I was interested in a recent answer you gave to a parent governor who wondered if she was a delegate, and how to act when she thought some vocal parents were working against the school's real interests. I am a local-authority governor but do not belong to a political party or take great interest in politics, and I am sometimes confused about whom I represent and whether I should be taking any particular line on local issues to reflect the LEA views - assuming I even knew them. My brother, who is a community governor in another LEA, is also puzzled. He is not a business representative or concerned with any distinct community activity, yet is a strong supporter of community needs and services. Who do we speak for and how can we discover where their interests lie?
This is an important question because practice has changed so much. In the early days of governance reform the old tradition of appointing councillors, or at least party members, to LEA seats was slow to change, and change was not uniform. Now in a minority of LEAs (mostly urban areas) there is still a political link or even at extremes a party share-out. But much more commonly (and more logically now schools run their own curriculum and budget), LEAs seek people with a broad interest in education and perhaps a good reputation in some form of worthwhile activity to take on this role. A similar but not identical process affected community governors, since under the early influence of local management of schools the Government was briefly very keen to bring in business experience, and it was for a time part of official guidance to seek someone from business to guide colleagues. This is no longer emphasised, though clearly such experience is still valued in many governing bodies.
If LEA governors are specifically appointed on party lines in the few areas where this still happens, they will naturally feel they would be wise to keep up-to-date with local council policies and be in a position to explain them. But even here case law has indicated that they are not delegates and cannot be removed for not toeing a line. Only if a council changes hands may party nominees possibly be removed because they are no longer representative, and even this is now rare. You would be well advised to be familiar with the kind of educational issues which are active in local politics but in general you are free to speak and vote as you feel is best for the school. One qualification: more than other governors you should keep an eye on the local schooling service as a whole and be careful to pick up where changes in your school's policies may be at the expense of other local schools - for instance catchment area changes or a form of pupil selection.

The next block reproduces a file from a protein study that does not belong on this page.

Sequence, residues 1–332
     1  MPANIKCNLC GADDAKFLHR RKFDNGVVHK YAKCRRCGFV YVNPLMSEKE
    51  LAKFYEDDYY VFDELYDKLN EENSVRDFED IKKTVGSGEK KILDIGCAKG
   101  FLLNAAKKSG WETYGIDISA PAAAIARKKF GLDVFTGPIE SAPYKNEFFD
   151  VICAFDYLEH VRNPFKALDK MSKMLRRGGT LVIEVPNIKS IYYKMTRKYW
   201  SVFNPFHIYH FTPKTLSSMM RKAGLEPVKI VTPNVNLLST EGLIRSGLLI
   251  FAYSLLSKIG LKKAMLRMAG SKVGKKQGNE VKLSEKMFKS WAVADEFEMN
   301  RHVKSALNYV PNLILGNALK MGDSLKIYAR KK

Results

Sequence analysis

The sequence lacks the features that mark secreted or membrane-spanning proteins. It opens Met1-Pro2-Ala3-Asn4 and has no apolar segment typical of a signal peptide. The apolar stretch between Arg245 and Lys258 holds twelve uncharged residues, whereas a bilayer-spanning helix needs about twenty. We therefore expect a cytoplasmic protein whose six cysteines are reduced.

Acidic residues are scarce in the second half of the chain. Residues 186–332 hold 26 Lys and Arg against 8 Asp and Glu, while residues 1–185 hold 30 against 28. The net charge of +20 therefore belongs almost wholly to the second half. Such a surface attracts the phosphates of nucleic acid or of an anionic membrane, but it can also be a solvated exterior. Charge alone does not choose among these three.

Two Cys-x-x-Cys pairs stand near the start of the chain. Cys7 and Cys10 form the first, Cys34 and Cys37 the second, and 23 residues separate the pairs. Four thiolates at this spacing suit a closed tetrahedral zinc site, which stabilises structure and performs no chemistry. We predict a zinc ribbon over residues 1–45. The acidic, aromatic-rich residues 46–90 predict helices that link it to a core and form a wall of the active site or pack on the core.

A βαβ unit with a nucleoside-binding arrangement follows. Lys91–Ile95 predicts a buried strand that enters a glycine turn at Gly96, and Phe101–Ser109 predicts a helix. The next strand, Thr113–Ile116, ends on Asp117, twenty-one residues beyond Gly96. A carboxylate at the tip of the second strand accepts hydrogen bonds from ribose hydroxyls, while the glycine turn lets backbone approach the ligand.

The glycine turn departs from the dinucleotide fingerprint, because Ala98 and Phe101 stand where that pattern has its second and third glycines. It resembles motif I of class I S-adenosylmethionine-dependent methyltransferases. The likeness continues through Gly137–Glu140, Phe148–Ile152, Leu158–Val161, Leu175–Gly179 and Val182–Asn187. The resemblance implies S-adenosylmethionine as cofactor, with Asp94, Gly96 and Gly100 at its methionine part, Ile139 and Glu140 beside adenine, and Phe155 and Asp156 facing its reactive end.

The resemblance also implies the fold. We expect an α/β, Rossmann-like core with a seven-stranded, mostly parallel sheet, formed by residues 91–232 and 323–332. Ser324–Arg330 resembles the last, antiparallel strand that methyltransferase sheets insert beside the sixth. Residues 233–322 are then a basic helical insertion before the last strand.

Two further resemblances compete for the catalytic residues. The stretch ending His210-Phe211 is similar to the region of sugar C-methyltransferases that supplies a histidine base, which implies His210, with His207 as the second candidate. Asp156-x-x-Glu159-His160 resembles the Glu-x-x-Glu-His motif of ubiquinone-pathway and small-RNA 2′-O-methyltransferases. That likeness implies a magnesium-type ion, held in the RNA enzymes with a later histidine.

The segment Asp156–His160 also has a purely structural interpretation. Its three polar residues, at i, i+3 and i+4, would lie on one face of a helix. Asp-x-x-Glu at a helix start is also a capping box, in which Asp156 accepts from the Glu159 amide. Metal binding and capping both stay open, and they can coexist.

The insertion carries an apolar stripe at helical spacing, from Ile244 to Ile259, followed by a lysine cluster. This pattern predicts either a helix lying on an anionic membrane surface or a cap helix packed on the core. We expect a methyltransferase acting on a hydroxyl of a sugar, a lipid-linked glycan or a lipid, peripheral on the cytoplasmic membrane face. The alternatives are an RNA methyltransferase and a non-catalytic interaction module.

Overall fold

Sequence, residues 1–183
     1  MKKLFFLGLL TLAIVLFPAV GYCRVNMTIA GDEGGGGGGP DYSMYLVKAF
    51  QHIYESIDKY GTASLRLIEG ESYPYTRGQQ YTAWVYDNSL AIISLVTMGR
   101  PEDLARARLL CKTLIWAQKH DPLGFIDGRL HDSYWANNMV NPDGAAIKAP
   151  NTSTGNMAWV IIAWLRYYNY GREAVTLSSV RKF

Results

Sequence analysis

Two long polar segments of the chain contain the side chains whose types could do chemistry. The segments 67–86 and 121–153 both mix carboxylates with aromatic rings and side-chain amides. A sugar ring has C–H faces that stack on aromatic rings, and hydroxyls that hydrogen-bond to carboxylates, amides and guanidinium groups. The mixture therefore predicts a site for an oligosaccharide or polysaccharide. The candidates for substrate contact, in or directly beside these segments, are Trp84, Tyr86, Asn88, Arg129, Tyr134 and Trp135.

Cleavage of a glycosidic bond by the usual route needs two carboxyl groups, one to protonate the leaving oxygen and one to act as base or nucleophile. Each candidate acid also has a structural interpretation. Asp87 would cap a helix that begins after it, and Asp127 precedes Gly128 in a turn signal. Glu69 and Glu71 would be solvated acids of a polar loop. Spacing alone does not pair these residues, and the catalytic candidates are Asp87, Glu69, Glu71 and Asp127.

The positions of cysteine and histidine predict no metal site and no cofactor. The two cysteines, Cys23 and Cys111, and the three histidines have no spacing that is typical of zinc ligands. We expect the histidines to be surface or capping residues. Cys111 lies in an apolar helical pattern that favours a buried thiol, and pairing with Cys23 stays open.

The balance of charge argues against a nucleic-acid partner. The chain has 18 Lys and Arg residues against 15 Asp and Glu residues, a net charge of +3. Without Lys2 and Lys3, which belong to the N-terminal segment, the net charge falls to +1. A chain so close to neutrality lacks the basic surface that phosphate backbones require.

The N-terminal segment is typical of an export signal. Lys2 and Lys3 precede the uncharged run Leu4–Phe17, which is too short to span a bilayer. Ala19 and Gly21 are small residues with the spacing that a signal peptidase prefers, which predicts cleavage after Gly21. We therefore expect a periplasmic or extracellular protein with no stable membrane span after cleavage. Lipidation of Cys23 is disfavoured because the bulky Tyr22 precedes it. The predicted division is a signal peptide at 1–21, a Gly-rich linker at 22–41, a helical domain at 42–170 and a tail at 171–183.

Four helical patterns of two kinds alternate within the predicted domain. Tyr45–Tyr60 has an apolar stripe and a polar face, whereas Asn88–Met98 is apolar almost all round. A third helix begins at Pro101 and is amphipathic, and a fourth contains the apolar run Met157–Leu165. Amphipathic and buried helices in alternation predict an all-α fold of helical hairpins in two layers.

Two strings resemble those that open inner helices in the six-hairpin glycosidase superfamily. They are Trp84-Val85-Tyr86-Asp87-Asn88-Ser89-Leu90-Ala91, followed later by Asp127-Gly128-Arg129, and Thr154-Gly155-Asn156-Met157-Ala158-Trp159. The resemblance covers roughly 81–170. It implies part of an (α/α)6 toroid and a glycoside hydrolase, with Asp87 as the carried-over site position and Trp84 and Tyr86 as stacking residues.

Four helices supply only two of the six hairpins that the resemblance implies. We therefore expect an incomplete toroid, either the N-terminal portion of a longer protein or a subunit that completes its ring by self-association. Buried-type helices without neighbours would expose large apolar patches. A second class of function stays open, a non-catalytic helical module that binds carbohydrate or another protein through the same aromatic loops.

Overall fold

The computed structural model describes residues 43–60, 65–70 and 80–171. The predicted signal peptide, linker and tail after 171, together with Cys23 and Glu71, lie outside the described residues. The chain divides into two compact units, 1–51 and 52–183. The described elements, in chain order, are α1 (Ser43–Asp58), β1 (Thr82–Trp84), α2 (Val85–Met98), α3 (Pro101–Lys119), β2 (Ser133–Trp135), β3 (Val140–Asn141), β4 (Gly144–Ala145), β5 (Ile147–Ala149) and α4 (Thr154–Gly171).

As for your brother, all sorts of people are now community governors, not delegates but citizens chosen for their experience and personal qualities.
The main work of all governors is to contribute to the efficiency, values, academic performance, and the values and moral standards of the school. But not being a delegate does not mean that a community governor does not take a distinctive stance compared with other categories of governor. The community governor should become as familiar as possible with other community activities which impinge on education. These governors are the ones to keep an eye on the interests of the elderly, the sick or lonely, the under-fives, the dog-walkers, the amenity groups, older students, etc, to all of whom the school should be a considerate neighbour. They may also consider how local groups can contribute something worth while to the school. Anything such governors can do to publicise the school's aims and achievements locally is also appropriate.
The TES welcomes your queries. Joan Sallis does her best to answer all letters, but please keep requests for private replies to a minimum, since we aim to provide helpful information for ALL readers and always protect the identity of schools and individuals. Send questions for Joan Sallis to The TES, Admiral House, 66-68 East Smithfield, London E1W 1BX, fax 020 7782 3202, or see www.tes.co.ukgovernorsask_the_expert where answers will appear. Joan Sallis's column now appears on this page every three weeks: see more of her answers on the TES website. Joan has updated five of her booklets, each dealing with the role of a particular category of governor , (Parents, Staff, LEA, Community, and Faith Governors in Voluntary and Foundation Schools), and originally commissioned by Northamptonshire LEA.
They will be available from Adamson Publishing on 01353 648184, or via www.adamsonbooks.com.